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KEY QUESTIONS: Is personal happiness associated with religious belief and involvement?
KEY CONCEPTS: religious belief, religiosity, religious affiliation
KEY SOURCES OF DATA: 2004 General Social Survey, National Opinion Research Center.
QUESTION FOR REFLECTION: Answer this polling question, now and compare your responses to those of your peers. After you've read the data analysis, you'll be asked to respond to this question again. See whether your views or your peers' views have changed!
INTRODUCTION: Although sociologists long ago recognized that religious differences were often the source of social conflict, they have also noted that religion meets a variety of positive functions. For example, religion presumably helps provide people with meaning and purpose, a sense of security, and ethical guidelines, although Karl Marx, as discussed in the text, put a negative spin on such functions. He argued in the 19th century that religion was the "opium of the people," deflecting their attention from their material conditions and therefore from participation in the class struggle. But, what about religion today in our society? What do the empirical data show? Does religion actually tend to make one happier?
DATA ANALYSIS: While only you can address the question relative to your personal happiness, we can determine the relationship among the adult American population by examining a recently gathered set of representative data (General Social Survey, 2004).
Although over 90 % of respondents indicated that they believe in God, such belief does not appear to be related to differences in reported unhappiness. As shown in Table 1, proportions of respondents who suggested that their lives were unhappy (implied by the "not too happy" category), were nearly identical to those who said they believe in God (11.3 %) as opposed to non-believers (13.8 %). However, believers and nonbelievers do appear to importantly vary by relative degree of happiness: that is, believers were more likely to indicate that they are "very happy" (31.8 %) compared with nonbelievers (22.5 %).
TABLE 1. HAPPINESS BY BELIEF IN GOD *
|BELIEVE IN GOD|
|NOT TOO HAPPY||11.3||13.8|
* Sample size varies across tables because certain questions were asked of the entire sample, while other questions were limited to sample subsets.
Such patterns are essentially replicated in Table 2, where happiness is shown in relation to religiosity. Like belief in God, reported religiosity does not seem to strongly influence whether one is happy or unhappy. Those who reported that they are "religious" were more likely to indicate that they are "very happy" compared with those who define themselves as being "nonreligious". Those considering themselves to be neither religious nor nonreligious fell roughly in the middle of these two groups.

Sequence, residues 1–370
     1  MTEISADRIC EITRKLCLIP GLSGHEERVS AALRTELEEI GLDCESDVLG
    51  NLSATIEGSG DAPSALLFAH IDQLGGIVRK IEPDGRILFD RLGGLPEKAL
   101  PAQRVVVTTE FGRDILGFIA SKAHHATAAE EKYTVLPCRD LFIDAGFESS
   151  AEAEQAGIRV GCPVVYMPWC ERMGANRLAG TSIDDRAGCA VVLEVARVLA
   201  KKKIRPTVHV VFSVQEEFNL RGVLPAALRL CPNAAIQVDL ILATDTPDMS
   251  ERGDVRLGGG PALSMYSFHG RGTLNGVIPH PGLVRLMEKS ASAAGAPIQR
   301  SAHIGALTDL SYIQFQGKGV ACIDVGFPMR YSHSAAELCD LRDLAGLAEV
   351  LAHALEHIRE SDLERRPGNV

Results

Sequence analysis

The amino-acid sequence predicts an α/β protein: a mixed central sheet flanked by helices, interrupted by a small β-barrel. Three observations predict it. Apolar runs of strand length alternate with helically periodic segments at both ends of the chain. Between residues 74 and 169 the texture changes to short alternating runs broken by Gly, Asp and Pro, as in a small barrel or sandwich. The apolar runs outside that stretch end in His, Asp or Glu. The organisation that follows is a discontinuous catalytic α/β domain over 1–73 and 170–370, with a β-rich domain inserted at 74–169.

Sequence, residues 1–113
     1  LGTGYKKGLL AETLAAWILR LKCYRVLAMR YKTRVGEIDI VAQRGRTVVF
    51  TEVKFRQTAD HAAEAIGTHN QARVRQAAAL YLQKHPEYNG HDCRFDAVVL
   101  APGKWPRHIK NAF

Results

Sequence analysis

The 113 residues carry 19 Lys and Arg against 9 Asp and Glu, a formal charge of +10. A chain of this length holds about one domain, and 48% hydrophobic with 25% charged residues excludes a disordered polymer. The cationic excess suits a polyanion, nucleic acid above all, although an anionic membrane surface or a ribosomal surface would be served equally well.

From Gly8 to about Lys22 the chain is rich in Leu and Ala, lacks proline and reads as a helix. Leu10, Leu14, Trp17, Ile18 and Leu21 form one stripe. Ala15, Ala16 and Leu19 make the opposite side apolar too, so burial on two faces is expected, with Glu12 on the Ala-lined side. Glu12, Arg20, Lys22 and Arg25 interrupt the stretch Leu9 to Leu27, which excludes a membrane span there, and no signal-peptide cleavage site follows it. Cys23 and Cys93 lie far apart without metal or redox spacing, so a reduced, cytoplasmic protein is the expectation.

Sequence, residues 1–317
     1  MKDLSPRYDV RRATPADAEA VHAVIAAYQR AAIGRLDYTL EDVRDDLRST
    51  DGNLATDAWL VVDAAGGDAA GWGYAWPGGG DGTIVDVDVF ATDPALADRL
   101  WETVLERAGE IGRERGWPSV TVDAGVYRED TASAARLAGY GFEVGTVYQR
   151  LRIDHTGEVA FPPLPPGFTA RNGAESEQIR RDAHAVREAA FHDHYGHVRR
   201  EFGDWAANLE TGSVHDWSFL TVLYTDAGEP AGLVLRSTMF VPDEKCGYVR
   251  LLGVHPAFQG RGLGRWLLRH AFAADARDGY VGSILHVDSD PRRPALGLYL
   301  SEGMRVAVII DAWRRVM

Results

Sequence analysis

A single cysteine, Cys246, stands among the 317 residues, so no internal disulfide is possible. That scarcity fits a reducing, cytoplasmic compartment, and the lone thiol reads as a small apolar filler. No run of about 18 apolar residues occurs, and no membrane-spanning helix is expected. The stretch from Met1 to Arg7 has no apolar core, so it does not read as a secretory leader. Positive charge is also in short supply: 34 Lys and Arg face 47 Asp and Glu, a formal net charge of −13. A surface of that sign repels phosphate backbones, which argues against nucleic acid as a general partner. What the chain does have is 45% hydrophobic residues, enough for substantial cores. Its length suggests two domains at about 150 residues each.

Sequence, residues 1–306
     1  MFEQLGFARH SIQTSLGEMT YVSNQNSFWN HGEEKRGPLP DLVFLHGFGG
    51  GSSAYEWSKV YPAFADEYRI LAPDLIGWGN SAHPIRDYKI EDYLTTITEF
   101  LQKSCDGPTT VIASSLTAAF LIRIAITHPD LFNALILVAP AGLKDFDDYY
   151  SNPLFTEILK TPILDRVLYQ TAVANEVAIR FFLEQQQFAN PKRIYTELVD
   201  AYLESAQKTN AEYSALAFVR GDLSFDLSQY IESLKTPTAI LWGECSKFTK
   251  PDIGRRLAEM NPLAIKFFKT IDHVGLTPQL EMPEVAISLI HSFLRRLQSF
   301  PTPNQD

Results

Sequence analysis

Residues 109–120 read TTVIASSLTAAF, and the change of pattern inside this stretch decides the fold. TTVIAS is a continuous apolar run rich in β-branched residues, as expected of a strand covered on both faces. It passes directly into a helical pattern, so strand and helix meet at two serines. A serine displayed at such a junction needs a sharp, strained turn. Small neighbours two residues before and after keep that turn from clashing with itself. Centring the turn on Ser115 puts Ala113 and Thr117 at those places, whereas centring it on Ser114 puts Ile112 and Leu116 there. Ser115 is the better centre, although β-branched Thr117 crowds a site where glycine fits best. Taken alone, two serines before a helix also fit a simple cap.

TABLE 2. HAPPINESS BY REPORTED RELIGIOSITY
|NOT TOO HAPPY||11.8||14.4||16.6|
Religious activities, rather than beliefs, are examined in Tables 3, 4, and 5. As indicated in Table 3, happiness does not seem to be strongly linked to religious affiliation. The only difference worth noting is that Protestants and Catholics were about twice as likely to report being very happy than were Jewish respondents. Further analysis (data not shown in tabular form) indicates that those from conservative Protestant groups are not more likely than Protestants from more liberal denominations to report being "very happy."
TABLE 3. HAPPINESS BY RELIGIOUS AFFILIATION
|NOT TOO HAPPY||11.6||13.8||17.6|
While affiliation is somewhat related to happiness, it is clear that attendance at religious services is positively linked to happiness. As shown in Table 4, those who said they attended on a weekly basis were considerably more likely than less frequent attendees to say they were "very happy." Moreover, they were twice as likely (42.7 %) to report this as opposed to those who never attended (20.5 %). Likewise, a considerably smaller proportion of regular attendees indicated that they were "not too happy" with their lives in comparison to those never attending religious service.
TABLE 4. HAPPINESS BY SERVICE ATTENDANCE
|FREQUENCY OF ATTENDANCE|
|NOT TOO HAPPY||20.5||13.9||8.4|
Finally, as shown Table 5, reported prayer activity is similarly associated with happiness. Those praying daily are more likely to indicate the highest happiness level than those praying weekly or less.
TABLE 5. HAPPINESS BY PRAYER FREQUENCY
|REPORTED PRAYER FREQUENCY|
|NOT TOO HAPPY||12.1||12.8||17.9|
We should note in closing the analysis that many other variables in addition to religious beliefs and activities seem to influence happiness. For example, older people are more likely than middle-aged and younger adults to indicate higher levels of life happiness, and socioeconomic status (SES) has a very significant positive associate with happiness. Since age and SES are both directly associated with religious belief and activity, it is important that we control for their effects in trying to estimate the influence of religion on happiness. Therefore, let's control for age and SES by looking at the strongest religion-related variable, service attendance, among only younger (< 30 years) respondents who are college educated.
As indicated in Table 6, service attendance appears to have very similar effects among this subsample as it did for the larger sample: proportionately almost twice as many weekly attendees as those never attending report being "very happy," whereas attendees report far less unhappiness than do non-attendees.
TABLE 6. HAPPINESS BY SERVICE ATTENDANCE (FOR YOUNGER COLLEGE-EDUCATED ADULTS)
|FREQUENCY OF ATTENDANCE|
|NOT TOO HAPPY||12.3||6.6||3.9|
Now that you've had time to review the data, answer the polling question again and compare your response with your peers' responses.